Your spine is a complicated combination of bones, muscle, tissue and nerves. The central structural part of the spine is a series of connected bones known as vertebrae.
Connecting and cushioning the vertebrae are discs, which are made up of connective tissue. When a disc begins losing effectiveness, usually in later years of life, it may rupture - the medical term is herniated.
When the disc herniates, it may press on nerves in the spine and cause pain, numbness, tingling or weakness depending on where the herniation occurs. Disc herniations occur in two main areas of the spine:
The types of symptoms you may experience depend on where the disc herniation occurs. A disc herniation may cause neck or back pain.
When a disc herniation causes nerve compression pain, patients may experience weakness, numbness or tingling in the arms and shoulders. Rarely, a herniated cervical disc may cause discomfort in the legs.
Disc herniations in the low back cause leg symptoms if the nerves are severely compressed.
How is a herniated disc diagnosed?
Like all spine issues, your doctor will do a thorough examination of the spine and take a complete medical history. The doctor will note the location of pain, weakness or other symptoms to help determine the rupture's location. Additional tests, including spine CT scan or MRI may be needed.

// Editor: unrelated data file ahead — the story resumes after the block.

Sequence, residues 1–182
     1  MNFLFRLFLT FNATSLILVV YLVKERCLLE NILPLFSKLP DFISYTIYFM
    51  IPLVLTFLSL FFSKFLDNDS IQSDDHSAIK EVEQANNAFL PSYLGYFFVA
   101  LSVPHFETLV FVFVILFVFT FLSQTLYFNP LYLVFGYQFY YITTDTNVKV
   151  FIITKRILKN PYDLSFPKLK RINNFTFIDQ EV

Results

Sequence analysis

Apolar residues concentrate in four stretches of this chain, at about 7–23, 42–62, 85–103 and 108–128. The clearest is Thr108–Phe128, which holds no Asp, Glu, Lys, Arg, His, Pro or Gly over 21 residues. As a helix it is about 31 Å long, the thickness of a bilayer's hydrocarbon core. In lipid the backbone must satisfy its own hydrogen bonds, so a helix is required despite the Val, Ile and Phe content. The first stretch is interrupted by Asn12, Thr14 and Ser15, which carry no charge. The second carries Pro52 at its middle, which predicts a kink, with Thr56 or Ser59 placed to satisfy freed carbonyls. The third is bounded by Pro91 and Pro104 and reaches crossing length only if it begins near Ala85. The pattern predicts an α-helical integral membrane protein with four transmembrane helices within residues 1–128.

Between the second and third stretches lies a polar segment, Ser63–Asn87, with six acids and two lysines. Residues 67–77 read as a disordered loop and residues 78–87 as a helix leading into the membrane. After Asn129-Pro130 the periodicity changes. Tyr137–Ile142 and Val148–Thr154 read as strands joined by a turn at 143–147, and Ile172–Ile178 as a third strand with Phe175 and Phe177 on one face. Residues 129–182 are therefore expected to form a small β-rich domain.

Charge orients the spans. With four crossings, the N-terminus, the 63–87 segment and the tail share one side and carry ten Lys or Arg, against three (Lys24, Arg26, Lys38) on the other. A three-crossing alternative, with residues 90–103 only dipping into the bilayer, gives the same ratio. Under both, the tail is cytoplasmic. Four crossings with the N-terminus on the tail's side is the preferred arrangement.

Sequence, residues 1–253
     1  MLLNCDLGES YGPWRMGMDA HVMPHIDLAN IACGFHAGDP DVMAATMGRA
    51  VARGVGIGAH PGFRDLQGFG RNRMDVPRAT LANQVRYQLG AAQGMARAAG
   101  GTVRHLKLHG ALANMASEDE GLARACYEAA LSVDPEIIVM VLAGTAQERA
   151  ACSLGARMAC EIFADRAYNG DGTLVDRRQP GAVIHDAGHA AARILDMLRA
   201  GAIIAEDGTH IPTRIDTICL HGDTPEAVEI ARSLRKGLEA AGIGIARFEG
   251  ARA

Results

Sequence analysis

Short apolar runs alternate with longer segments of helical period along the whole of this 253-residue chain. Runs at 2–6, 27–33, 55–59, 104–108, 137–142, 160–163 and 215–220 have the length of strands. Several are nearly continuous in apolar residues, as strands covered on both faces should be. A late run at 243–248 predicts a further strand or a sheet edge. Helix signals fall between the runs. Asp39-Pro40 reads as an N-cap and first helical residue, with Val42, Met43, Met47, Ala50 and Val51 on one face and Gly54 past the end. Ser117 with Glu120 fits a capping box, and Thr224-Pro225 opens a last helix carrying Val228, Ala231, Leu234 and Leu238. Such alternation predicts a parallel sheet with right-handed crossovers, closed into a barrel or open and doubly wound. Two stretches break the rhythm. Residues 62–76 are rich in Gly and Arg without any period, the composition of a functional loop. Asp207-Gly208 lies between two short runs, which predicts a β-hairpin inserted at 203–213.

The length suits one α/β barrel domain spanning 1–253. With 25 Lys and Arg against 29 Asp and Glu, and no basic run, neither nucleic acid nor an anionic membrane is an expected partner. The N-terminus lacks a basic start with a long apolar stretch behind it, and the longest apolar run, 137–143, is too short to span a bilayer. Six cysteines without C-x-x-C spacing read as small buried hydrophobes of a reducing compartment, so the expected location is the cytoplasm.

How is a herniated disc treated?
Many herniated discs can be treated without surgery. Studies show that up to 90 percent of newly ruptured discs do not require surgery for the patient to recover.
Your doctor will try various non-surgical treatments to return you to a more normal lifestyle. Depending on the location and severity of pain, your doctor may try medications, exercises, physical therapy or other treatments, such as injections. If those efforts don't provide the necessary relief, surgery may be an option.
What is surgery like?
The most common surgery is called a discectomy or partial discectomy - only part of the disc is removed in either procedure. Your surgeon will correct the pressure on the spinal nerves. Depending on how much bone material must be removed, the surgeon may also perform a spinal fusion on the remaining vertebrae to stabilize the area.
Most patients go home within 24 hours of the operation and some the same day. Your doctor will give you detailed instructions on what your physical restrictions will be and for how long following surgery. You may also work with a physical therapist before and after surgery. A return to normal activities most often happens in a matter of a few weeks.
Your recovery steps and time may depend on whether you had a lumbar or cervical discectomy.